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Research at the UPVD draws on the surrounding region




This one particular area in France has seen experimental research in geography, the environment, society and energy for more than 560,000 years, with projects endlessly jostling and intersecting with one another. The region itself constitutes an iconic research site. But this can also be said of the Odeillo solar furnace, the Arago prehistoric cave in Tautavel, the altitude training camp in Font-Romeu or even the marine reserves off the coast. Layers of rock in Tautavel show how both the environment and humankind have changed and evolved over the years. Modern humankind’s impact on the environment can be measured by analysing molecules in water bodies and lagoons. Beneath the sunshine of Odeillo and Thémis, the energies of the future are being developed. And future regulations for encouraging greater sustainability are being developed.

This Mediterranean microcosm extends well beyond the region’s natural and administrative boundaries – academic thinking and research demand it. The University’s academic expertise and the fruits of our research have proven highly relevant at international level – not just within the confines of the local climatic and cultural context. International development assistance is also central to our research: we have entered into partnerships with a number of countries in Africa and Asia, in collaboration with the WHO, the CIRAD (centre for agricultural research and development) and the IRD (Institute of Research for Development).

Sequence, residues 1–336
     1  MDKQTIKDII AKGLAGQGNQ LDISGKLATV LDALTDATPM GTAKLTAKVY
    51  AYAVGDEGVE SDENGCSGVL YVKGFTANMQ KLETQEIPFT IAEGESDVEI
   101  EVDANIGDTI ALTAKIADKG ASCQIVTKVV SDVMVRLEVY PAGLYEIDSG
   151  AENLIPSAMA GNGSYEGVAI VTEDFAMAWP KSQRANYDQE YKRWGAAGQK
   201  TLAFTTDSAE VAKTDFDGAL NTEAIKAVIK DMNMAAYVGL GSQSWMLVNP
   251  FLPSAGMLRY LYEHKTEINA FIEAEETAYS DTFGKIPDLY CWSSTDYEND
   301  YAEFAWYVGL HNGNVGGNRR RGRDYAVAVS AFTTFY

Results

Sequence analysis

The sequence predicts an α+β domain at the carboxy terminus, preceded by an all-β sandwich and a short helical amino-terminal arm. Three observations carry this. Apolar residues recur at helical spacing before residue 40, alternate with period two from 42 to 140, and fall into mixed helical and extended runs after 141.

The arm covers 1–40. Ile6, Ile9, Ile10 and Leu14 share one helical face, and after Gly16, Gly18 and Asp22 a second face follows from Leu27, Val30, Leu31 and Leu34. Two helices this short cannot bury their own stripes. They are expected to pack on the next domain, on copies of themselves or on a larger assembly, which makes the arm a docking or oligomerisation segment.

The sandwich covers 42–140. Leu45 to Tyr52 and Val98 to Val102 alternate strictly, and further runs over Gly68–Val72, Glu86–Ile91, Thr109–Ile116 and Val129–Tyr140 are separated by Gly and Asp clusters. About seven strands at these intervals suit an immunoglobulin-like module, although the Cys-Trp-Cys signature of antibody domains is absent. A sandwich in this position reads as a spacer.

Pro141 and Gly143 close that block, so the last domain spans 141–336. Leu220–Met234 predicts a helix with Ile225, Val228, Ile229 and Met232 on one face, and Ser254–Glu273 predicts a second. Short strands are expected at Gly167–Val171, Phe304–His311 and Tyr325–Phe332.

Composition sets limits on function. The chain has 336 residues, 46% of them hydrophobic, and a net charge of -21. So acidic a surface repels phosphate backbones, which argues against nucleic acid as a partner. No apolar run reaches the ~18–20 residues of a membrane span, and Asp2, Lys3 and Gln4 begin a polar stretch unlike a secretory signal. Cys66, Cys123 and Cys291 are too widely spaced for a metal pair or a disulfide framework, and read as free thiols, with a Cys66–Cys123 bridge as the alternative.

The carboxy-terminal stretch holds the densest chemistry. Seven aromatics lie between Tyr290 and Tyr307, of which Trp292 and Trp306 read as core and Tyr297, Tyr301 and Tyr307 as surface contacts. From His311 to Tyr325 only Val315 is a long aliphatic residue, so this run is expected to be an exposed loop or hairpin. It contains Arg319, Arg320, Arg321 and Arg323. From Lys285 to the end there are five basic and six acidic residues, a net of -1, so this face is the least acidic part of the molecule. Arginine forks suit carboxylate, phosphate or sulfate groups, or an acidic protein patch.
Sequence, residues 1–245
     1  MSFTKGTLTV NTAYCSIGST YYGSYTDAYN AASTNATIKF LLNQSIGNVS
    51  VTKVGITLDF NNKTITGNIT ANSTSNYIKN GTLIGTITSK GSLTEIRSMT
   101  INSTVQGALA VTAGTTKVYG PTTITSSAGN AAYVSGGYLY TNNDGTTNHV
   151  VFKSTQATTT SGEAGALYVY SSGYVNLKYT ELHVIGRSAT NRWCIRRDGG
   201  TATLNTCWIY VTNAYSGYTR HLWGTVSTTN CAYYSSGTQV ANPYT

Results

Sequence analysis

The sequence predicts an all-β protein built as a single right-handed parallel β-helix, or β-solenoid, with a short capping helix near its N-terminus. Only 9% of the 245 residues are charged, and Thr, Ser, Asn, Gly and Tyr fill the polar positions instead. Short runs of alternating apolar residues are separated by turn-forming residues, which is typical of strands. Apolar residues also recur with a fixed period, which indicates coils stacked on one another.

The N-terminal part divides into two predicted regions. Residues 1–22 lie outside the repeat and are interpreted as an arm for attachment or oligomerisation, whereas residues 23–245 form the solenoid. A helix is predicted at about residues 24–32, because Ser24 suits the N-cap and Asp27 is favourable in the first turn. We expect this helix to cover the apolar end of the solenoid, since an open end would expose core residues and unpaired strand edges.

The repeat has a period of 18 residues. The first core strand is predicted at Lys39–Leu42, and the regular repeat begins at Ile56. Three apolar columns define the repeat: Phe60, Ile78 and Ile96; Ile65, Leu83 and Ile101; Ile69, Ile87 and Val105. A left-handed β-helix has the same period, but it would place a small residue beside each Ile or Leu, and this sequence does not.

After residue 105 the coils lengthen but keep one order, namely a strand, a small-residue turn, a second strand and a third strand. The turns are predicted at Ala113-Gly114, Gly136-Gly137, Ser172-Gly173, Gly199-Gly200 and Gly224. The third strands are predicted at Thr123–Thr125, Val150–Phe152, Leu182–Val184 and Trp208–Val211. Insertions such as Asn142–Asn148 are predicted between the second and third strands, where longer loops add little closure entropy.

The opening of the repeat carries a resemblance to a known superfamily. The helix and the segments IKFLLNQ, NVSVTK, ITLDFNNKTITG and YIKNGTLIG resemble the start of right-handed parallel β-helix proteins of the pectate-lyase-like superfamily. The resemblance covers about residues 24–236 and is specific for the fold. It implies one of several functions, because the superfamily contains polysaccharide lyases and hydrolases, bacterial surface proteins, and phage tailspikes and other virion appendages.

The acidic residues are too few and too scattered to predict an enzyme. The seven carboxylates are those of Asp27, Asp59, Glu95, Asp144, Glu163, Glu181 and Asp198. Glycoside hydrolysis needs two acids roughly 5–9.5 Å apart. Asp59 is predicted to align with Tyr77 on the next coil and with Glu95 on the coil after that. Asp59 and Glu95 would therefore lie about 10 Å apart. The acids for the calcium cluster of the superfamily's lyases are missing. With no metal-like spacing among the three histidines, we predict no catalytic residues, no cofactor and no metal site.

There is growing concern as awareness of various crises affecting both the Mediterranean and the rest of the world increases: society is now awaiting concrete proposals from researchers. Their being able to deliver solutions is contingent on their being able to carry out multidisciplinary research.
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Date of update December 16, 2015